GSK and Pfizer List Haleon​

By Jake Rickman​

What do you need to know this week?

Last week marked the completion of one of the largest and most complex de-mergers in the history of the European public markets. Haleon plc, formerly a joint venture between two titans of the pharmaceutical and healthcare industry, GSK and Pfizer, started publicly trading on 18 July at £3.30 per share, though shares have dropped to £3.07 as of 25 July.

This deal is important to market analysts for a few reasons. Most importantly, because this is one of the largest demergers and re-listings on the London Stock Exchange since 2011. This demonstrates to investors that the London Stock Exchange is proving at least somewhat resilient in the face of Brexit and wider macroeconomic concerns (i.e. inflation and an impending recession).

Why is this important for your interviews?

Haleon’s de-merger is arguably one of the most high-profile deals to have been finalised in the past couple of years. If you are interested in corporate law, interviewers are likely to enjoy discussing with you the key features of the deal and the commercial reasoning behind it.

The deal was first announced in 2018 when Pfizer and GSK agreed to combine their consumer healthcare divisions into a single joint venture. This followed GSK’s decision not to acquire Pfizer’s consumer healthcare business earlier that year. Instead, by creating a joint venture in the form of a new company — Haleon — jointly owned by the two pharma giants, the businesses could separate their consumer healthcare business from their biopharma and vaccine divisions.

For GSK, the de-listing marks a major step in its wider strategic realignment. The pharma-healthcare conglomerate has faced investor criticism for underperformance. By offloading its consumer healthcare business through the new venture and later re-listing it on the public market, GSK has reduced the size of debt on its balance sheet.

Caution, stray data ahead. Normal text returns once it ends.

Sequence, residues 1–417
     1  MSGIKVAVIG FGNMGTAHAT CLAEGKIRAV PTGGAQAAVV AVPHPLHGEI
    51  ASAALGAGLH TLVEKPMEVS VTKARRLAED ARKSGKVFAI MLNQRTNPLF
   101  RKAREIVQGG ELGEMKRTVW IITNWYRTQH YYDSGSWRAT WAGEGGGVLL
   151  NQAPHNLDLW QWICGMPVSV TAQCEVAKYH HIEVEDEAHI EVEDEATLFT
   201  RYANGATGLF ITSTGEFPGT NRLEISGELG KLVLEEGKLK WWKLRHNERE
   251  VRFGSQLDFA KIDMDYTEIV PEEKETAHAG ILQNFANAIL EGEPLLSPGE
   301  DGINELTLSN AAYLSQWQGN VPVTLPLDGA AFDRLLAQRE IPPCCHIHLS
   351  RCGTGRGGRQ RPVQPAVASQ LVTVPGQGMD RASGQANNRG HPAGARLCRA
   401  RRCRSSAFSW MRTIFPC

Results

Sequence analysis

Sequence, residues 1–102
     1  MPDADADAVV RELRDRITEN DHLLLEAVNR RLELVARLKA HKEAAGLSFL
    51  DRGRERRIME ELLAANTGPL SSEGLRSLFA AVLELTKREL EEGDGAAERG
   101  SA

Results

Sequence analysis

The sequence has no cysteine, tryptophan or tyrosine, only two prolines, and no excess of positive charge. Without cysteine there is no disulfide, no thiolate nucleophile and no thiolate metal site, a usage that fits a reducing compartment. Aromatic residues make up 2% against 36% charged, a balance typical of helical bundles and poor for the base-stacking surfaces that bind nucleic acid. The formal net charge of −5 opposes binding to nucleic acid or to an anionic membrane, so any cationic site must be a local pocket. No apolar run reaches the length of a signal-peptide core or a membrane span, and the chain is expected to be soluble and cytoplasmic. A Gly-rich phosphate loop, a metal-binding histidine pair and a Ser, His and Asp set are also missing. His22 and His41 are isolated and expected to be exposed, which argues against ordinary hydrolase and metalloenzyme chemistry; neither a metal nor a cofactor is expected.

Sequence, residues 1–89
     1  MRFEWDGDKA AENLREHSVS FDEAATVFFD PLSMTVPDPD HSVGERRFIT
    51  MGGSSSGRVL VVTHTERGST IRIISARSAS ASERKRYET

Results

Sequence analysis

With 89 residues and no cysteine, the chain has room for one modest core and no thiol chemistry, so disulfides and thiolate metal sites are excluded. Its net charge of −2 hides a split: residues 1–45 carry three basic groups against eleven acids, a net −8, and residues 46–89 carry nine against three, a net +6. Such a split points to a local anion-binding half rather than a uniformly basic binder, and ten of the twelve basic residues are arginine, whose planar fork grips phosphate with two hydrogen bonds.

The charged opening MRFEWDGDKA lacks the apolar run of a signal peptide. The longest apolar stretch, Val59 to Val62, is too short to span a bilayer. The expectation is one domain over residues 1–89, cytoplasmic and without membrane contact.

From the perspective of investors, Haleon is now the only pure consumer healthcare company trading on the public market. This means investors can now directly buy into a market valued at more than $300bn and one that analysts predict will grow to $520bn by 2027.

How is this topic relevant to law firms?

A deal of this size and complexity inevitably requires the instruction of dozens of legal advisers across multiple practice groups.

As The Lawyer details in an article, the deal was driven by GSK’s in-house counsel James Ford and Sarah Clements, who is the legal head of GSK’s group transformation and separation. Together, they coordinated GSK’s external advisers on both sides of the Atlantic.

Slaughter and May, who advised GSK on the incorporation of the joint venture in 2018, enlisted partners across its corporate, tax, finance, pensions, and employment practice groups. Baker McKenzie was also instructed to advise on corporate, IT, and employment matters.

US firms Sidley Austin and Cleary Gottlieb advised GSK on debt financing and US securities issuances. Pfizer was separately represented by Wachtell Lipton Rosen & Katz in the US and Clifford Chance in the UK. Haleon was independently advised by Freshfields.